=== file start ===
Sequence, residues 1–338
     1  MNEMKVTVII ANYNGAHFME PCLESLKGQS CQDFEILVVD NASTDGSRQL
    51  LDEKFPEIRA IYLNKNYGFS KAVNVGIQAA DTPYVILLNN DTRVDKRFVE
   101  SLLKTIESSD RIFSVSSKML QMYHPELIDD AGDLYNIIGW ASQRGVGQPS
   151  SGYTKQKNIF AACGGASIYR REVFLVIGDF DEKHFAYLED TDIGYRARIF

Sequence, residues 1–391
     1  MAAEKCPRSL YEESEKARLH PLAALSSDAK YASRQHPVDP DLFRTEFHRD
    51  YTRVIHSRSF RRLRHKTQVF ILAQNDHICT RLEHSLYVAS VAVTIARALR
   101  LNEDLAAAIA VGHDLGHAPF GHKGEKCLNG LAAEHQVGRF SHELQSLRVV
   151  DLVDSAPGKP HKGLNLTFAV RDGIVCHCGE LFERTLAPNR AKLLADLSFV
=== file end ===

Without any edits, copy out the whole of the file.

Sequence, residues 1–338
     1  MNEMKVTVII ANYNGAHFME PCLESLKGQS CQDFEILVVD NASTDGSRQL
    51  LDEKFPEIRA IYLNKNYGFS KAVNVGIQAA DTPYVILLNN DTRVDKRFVE
   101  SLLKTIESSD RIFSVSSKML QMYHPELIDD AGDLYNIIGW ASQRGVGQPS
   151  SGYTKQKNIF AACGGASIYR REVFLVIGDF DEKHFAYLED TDIGYRARIF

Sequence, residues 1–391
     1  MAAEKCPRSL YEESEKARLH PLAALSSDAK YASRQHPVDP DLFRTEFHRD
    51  YTRVIHSRSF RRLRHKTQVF ILAQNDHICT RLEHSLYVAS VAVTIARALR
   101  LNEDLAAAIA VGHDLGHAPF GHKGEKCLNG LAAEHQVGRF SHELQSLRVV
   151  DLVDSAPGKP HKGLNLTFAV RDGIVCHCGE LFERTLAPNR AKLLADLSFV